The last Essene resistance during the Jewish-Roman war in Ascension of Isaiah 2:7-3:1

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The last Essene resistance during the Jewish-Roman war in Ascension of Isaiah 2:7-3:1

Post by FransJVermeiren » Mon Dec 03, 2018 8:47 am

In recent Ascension of Isaiah (AoI) threads on this forum I suggested that the ‘king and his son’ of AoI 9:14 is an encrypted mention of Vespasian and Titus, and that the king/emperor of 11:19 likewise refers to the Flavians. In both cases the Flavians are staged as responsible for Jesus’ crucifixion.
Recently I asked myself if possibly more political content could be discerned in AoI. I believe that this may be the case in 2:7 – 3:1 (and also in chapter 4 which I will not discuss here). Below I give Knibb’s translation from Charlesworth’s The Old Testament Pseudepigrapha volume 2 (p. 158-159). Verse 9, identified by R.H. Charles as an editorial addition, and verse 12b-16, described as a digression by Knibb in his introduction (p. 143), are left out.

(2:7) And when Isaiah the son of Amoz saw the great iniquity which was being committed in Jerusalem, and the service of Satan, and his wantonness*, he withdrew from Jerusalem and dwelt in Bethlehem of Judah. (8) And there also there was great iniquity; and he withdrew from Bethlehem and dwelt on a mountain** in a desert place. (9) … (10) All of them were clothed in sackcloth, and all of them were prophets; they had nothing with them, but were destitute, and they all lamented bitterly over the going astray of Israel. (11) And they had nothing to eat except wild herbs (which) they gathered from the mountains, and when they had cooked (them), they ate (them) with Isaiah the prophet. And they dwelt on the mountains and on the hills for two years of days. (12a) And after this, while they were in the desert, there was a certain man in Samaria named Balkira. (12b-16)…
(3:1) And Belkira discovered and saw the place of Isaiah and of the prophets who were with him, for he himself dwelt in the district of Bethlehem, …

* The Greek version (G2) gives καὶ τὴν πομπὴν αὐτοῦ, ‘and his triumph’.
** G2 has ἐν τῷ ὄρει, ‘on the mountain’

The fragment starts in Jerusalem, and the combination of ‘great iniquity’, ‘Satan’ and (thanks to the G2 manuscript) ‘his triumph’ points to the destruction of Jerusalem, with Satan as the encrypted name for the Roman emperor Vespasian, and his triumph in Rome in 71 CE. From Jerusalem Isaiah withdraws to Bethlehem, and after a great iniquity in that place his third location is ‘the mountain in a desert place’. In Bethlehem an iniquity takes place like in Jerusalem, probably also a defeat and accompanying destruction. To what capture or defeat in Bethlehem could be referred here in connection with the fall of Jerusalem? If we take a look at the Bethlehem region, we see that the distance between this city and Herod’s mountain fortress Herodion is only 5 kilometers. This fortress was one of the remaining refuges (with Machaerus and Masada) for the Essene/Zealot rebels after the fall of Jerusalem. Lucilius Bassus was the commander of the Legio X Fretensis (as successor of Cerealius Vetilianus) that captured Herodion in 71 CE. Josephus, War VII:163: A new legate had been sent to Judaea, Lucilius Bassus, who took over the command from Cerealius Vetilianus; he first captured the fortress of Herodion with its defenders.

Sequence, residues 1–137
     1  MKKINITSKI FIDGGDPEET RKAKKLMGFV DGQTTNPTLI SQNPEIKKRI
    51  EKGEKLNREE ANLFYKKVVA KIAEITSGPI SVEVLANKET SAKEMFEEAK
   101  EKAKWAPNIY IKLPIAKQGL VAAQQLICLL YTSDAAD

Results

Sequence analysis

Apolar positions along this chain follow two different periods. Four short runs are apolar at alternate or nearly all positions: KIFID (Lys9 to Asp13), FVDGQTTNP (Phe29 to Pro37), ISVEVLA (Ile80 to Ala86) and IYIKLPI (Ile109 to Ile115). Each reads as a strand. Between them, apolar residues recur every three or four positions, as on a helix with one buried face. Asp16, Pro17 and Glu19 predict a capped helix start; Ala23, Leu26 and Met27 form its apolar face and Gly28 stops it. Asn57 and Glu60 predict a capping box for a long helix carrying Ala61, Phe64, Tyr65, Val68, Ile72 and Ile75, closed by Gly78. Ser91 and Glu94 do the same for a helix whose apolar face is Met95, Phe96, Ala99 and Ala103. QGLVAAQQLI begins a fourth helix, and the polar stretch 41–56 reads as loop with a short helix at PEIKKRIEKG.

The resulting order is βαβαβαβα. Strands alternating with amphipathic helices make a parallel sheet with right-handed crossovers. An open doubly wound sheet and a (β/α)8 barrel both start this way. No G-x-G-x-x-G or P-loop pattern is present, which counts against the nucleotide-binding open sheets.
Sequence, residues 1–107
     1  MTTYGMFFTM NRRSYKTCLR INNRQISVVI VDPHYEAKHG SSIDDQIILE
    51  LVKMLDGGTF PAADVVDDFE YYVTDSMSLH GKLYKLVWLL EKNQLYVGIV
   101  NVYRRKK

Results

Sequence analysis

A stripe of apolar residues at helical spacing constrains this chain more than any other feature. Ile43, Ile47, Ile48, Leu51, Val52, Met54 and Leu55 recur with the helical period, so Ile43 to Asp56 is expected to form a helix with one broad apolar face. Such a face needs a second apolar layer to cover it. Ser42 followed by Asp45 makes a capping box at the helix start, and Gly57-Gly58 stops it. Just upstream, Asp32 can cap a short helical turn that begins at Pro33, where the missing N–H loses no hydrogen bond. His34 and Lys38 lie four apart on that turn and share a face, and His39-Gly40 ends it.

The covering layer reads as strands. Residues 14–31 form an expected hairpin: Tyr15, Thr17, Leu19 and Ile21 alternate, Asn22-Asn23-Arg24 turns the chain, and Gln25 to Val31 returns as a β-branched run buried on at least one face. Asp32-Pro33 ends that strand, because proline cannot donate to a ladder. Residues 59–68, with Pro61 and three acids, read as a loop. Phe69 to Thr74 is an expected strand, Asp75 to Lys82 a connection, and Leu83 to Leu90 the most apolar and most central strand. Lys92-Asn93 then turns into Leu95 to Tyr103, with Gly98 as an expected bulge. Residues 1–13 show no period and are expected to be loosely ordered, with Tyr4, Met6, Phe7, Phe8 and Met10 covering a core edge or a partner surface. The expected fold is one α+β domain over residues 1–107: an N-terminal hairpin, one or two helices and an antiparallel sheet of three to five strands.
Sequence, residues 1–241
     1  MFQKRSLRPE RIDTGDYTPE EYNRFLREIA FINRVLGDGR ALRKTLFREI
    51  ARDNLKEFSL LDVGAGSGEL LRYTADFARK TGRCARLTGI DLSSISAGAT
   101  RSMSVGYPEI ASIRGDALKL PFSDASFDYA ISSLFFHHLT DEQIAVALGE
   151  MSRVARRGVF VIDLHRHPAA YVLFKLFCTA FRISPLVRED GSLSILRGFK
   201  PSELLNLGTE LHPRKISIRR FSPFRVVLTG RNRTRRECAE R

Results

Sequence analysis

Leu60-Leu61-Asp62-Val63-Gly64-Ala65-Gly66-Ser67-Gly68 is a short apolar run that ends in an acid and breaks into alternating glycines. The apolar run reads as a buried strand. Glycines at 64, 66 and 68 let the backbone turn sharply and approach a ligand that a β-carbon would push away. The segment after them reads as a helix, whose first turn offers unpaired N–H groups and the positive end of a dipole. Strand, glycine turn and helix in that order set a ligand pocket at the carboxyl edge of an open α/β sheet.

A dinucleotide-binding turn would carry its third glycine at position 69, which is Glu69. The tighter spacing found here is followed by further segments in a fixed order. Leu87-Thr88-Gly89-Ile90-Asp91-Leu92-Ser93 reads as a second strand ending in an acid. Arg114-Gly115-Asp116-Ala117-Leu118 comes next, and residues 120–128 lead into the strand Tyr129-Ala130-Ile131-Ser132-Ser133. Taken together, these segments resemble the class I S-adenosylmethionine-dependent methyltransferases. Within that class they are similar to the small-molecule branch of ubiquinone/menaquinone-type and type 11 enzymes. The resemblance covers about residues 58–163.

From Bethlehem (Herodion) Isaiah further retreats to ‘the mountain in a desert place’. For this mountain there are two options, Machaerus and Masada, but in combination with the ‘desert place’ (the Judean desert) and with verse 11, Masada is the preferable option. Verse 11 mentions a period of two years for Isaiah’s stay in the mountains, and this is attractive information as Herodion fell in 71 CE and Masada in 73 CE.
In 3:1 Belkira, Isaiah’s opponent, dwells in the Bethlehem area. This is not a surprising location after the capture of nearby Herodion. Also in Life 420 Josephus mentions that the Romans were already scouting the Tekoa area, close to Bethlehem and Herodion, at the end of the siege of Jerusalem in preparation of the construction of a military camp for the southern campaign. It is clear that the mysterious Belkira in this historical context can be identified as the commander of the Roman troops (in his quality as Roman governor of Palestine).
Verse 11a describes a situation of food shortage for Isaiah and his followers, which is in contradiction with Eleazar’s boasting speech in Josephus that food shortage was not at a factor in the collective suicide of the defenders of Masada (War VII:336).
A last element of this short analysis is the use in verse 2:10 and 3:1 of the word ‘prophets’ for Isaiah’s followers. This word allows their identification as Essenes, as Josephus makes a positive link between the Essenes and prophecy, and as in my opinion this word is used in the same sense in the New Testament. Also the name ‘Isaiah’ is probably not chosen coincidentally for the leader of the last resisting Essenes. The Old Testament book Isaiah was the favorite of the Essenes, as the Dead Sea scrolls show.

In summary we can say that this encrypted AoI fragment points to the historical situation of the aftermath of the war of the Jews against the Romans. After the fall of Jerusalem the remaining Essene rebels, with ‘Isaiah’ as their leader, withdrew to the south, first to Herodion where they were defeated in 71 CE, then to the Masada table mountain where they held out for two more years. Belkira, the Roman commander-in-chief, was their opponent.

The practical modes of concealment are limited only by the imaginative capacity of subordinates. James C. Scott, Domination and the Arts of Resistance.

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